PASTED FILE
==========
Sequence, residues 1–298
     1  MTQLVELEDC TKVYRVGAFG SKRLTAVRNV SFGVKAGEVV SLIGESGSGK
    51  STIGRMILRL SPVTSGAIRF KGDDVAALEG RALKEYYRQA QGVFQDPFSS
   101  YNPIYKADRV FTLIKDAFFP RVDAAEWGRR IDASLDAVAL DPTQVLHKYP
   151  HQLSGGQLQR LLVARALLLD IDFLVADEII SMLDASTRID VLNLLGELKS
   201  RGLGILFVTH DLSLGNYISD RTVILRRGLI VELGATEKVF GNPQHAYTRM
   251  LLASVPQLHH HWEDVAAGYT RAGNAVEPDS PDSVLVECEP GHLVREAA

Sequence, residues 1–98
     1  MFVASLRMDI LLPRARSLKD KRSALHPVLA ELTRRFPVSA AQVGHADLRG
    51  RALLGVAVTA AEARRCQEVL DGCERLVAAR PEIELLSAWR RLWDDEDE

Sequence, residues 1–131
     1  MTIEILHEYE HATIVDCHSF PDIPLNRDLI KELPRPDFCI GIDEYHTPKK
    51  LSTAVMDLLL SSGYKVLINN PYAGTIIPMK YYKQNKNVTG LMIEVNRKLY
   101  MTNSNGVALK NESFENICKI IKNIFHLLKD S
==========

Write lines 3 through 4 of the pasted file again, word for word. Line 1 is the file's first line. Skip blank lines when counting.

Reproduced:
    51  STIGRMILRL SPVTSGAIRF KGDDVAALEG RALKEYYRQA QGVFQDPFSS
   101  YNPIYKADRV FTLIKDAFFP RVDAAEWGRR IDASLDAVAL DPTQVLHKYP